“If there was no faith there would be no living in this world. We couldn’t even eat hash with safety.”
–Josh Billings (AKA Henry Wheeler Shaw)
Despite our sometimes vast cultural or geographic differences, the foodstuffs we humans eat can be grouped into the following broad categories:
1) Meat & Poultry
2) Fish & Seafood
3) Dairy Products
4) Vegetables & Grains
5) Don’t Ask
The last group (one of my personal favorites) includes — in addition to most hot dogs — things like Scottish Haggis, Pennsylvania Dutch Scrapple, Mexican Tacos de Cabeza, and many, many other tasty dishes from around the world whose contents, it is widely said, are best left unexamined (hence the suppression of inquiry) in the belief that what you don’t know can’t make you retch violently.
It’s easy to see that there’s a homespun sort of common sense to that notion. Unless, of course, you’re the type who likes to torment others:
Guest: “These sausages are very unusual!”
Host: “Do you like them?”
Guest: “Yes, I do. I think they’re delicious, actually! What’s in them?”
Host: (quietly grinding homespun common sense under his heel) “Well, they’re the specialty of an island off the coast of Tasmania. You see, the natives take the gall bladders and prostate glands of these giant indigenous muskrat-like creatures, dry them in the sun, and…”
Guest: (pale and bug-eyed) “UR-UR-URGHHH! AAAAH-URGHHH-ECHHHH!”
For some reason, Carolina barbecue hash is often unfairly tossed under the Mystery Meat Bus. Granted, it is a bit unexpected on first encounter; hash is thought of as a more or less solid food, and is usually made up of diced meat of some kind along with a diced root vegetable, most often potatoes (as in corned beef hash) and diced whatever else (like the beets in red flannel hash.) In any case, it is, most emphatically, not a liquid.
No doubt about it, liquid hash is a tough idea to wrap your brain around. But the origin of the word ‘hash’, the Old French hacher, meaning to chop up, doesn’t indicate anything about stopping. One doesn’t even need to stop at the liquid stage. Theoretically, scientists at CERN’s Large Hadron Collider in Switzerland could, at this very moment, be hard at work making Quark-Gluon Hash.
But questions about where they would procure sub-atomic fried eggs to top their hash with are not relevant here. What’s important is clearing up these misunderstandings about Carolina barbeque hash.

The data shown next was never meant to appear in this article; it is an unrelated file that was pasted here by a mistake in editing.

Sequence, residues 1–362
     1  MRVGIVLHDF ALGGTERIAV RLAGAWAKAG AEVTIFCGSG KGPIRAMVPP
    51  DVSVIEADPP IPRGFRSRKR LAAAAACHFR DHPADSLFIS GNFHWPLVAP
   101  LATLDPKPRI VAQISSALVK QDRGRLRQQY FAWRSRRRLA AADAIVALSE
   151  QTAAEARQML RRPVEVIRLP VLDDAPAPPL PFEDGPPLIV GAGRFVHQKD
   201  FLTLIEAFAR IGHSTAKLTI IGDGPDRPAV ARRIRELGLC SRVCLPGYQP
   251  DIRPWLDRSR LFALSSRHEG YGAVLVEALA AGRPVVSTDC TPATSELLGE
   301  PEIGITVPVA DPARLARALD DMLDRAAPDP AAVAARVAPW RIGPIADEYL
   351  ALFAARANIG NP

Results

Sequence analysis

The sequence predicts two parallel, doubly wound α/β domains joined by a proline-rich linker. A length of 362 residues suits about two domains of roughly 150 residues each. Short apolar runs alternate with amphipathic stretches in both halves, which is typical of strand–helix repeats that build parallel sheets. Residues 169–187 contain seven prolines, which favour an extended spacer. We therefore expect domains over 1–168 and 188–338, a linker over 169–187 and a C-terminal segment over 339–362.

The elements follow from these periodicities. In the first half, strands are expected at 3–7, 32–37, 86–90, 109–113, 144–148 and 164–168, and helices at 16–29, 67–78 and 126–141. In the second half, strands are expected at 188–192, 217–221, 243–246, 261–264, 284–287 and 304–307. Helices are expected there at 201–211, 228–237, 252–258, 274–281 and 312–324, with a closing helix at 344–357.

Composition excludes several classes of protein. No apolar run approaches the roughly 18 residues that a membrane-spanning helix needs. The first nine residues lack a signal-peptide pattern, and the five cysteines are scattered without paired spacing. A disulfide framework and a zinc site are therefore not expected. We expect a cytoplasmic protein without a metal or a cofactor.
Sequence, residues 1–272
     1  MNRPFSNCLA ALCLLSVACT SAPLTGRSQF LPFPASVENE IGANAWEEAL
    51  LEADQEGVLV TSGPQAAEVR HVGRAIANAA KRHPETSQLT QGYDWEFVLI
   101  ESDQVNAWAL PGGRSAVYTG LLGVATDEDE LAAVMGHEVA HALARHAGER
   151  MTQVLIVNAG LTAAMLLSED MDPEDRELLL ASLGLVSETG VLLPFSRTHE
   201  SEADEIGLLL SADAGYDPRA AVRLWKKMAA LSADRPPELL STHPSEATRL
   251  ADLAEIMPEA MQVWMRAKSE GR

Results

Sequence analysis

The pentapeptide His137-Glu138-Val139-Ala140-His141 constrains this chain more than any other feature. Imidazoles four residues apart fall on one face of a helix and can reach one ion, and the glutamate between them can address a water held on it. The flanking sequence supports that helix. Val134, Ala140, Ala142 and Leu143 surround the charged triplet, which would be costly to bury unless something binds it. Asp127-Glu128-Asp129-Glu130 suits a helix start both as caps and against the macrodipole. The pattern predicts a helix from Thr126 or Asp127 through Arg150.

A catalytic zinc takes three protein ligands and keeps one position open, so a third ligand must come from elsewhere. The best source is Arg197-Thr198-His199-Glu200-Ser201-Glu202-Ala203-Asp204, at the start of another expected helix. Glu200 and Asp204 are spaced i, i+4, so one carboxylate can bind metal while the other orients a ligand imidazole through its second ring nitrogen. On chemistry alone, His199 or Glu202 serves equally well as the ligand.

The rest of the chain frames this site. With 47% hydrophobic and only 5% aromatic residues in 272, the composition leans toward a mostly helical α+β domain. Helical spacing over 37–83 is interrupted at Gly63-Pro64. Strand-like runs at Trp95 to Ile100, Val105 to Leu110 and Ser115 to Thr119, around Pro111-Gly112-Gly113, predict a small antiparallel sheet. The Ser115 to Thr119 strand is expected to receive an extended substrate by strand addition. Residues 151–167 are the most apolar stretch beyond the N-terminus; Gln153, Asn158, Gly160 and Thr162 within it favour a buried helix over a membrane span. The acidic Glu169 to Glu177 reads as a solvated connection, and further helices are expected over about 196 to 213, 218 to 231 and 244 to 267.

The Myth: The Ingredients Are Mysterious, Unspeakable, and/or Unnamable
Here’s what some folks believe the recipe for barbeque hash must look like:
1 extra large heap of guts
3-4 heads (preferably pork, but any will do)
10 lbs of anything else lying around
4-6 of anything that stops moving long enough
1 medium onion, chopped
Salt & pepper to taste
In a hellaciously large black cauldron, combine the first six ingredients (guts through onion.)
Boil the everlovin’ tar out of the whole mess. Grind thoroughly using a Mercruiser 200 hp Outboard Immersion Blender.
Adjust seasonings; serve over white rice. Laugh up sleeve at anyone fool enough to eat it.
The Fact: Back in the day, barbecue hash may indeed have been something of a ‘catch-all’ dish, but no more. It’s increasingly rare to find hash made with head meat or any sort of offal. Those few BBQ joints that do add liver or ears or cheek have a devoted following, including myself (for instance, I find the barbecue at the well-regarded Roger’s Bar-B-Q House in Florence, SC to be acceptable but not exciting. On the other hand, their peppery hash — redolent with liver and lord knows what — is absolutely off the chain.)
What really goes into hash? The ingredients are shockingly (perhaps even disappointingly) simple. There are additions and variations, of course, but it’s basically just pork barbeque, potatoes, onions, and some tomato product — most often catsup. Chop or grind it all up, add some salt, a good handful of black pepper, some water or stock, simmer the heck out of it, and you’ve got your basic barbeque hash. That’s it. The resulting reddish slurry is ladled over rice and forms one of the pillars (the others being coleslaw, pickles, and sliced white bread) of the pantheon of barbeque side dishes. (Note: we’re talking here about the purist’s pantheon, i.e., the roadside shack or old time version; other places may offer a dozen tasty side dishes like stewed okra, proper baked mac & cheese, collards cooked with smoked neck bones, etc.)
Pit masters (i.e., those who oversee the long, slow smoke-cooking of meats) are often proud and quite protective of their barbeque hash. Most have a secret ingredient or three (like spicy mustard, hot pepper sauce, or Worcestershire) that makes their hash (of course) the best. It’s the rare pit master who is careless or indifferent about his hash — and they don’t stay in business long anyway.
It all boils down to this: hash isn’t mysterious or even complicated. It does, however, require care. The ideal Carolina barbeque hash should be peppery, a bit tangy, distinctly smoky, and ineffably comforting. It should be the soft, savory, and reliable companion to the gleaming, slightly chewy white rice that sits next to your pile of tender, slow-cooked pork. It should be there for you, to soothe and delight you whether you’re 8 months old, cranky, and toothless or 80 years old, cranky, and toothless. Barbeque hash should be, ultimately, something in which — despite the vagaries and tumult and disappointments of life — you can have faith.
Please join us soon to read our newest food and cooking feature on HuggingtheCoast.Com: Sing a Song of Shrimp: 41 Party Friendly Shrimp Recipes For Entertaining.
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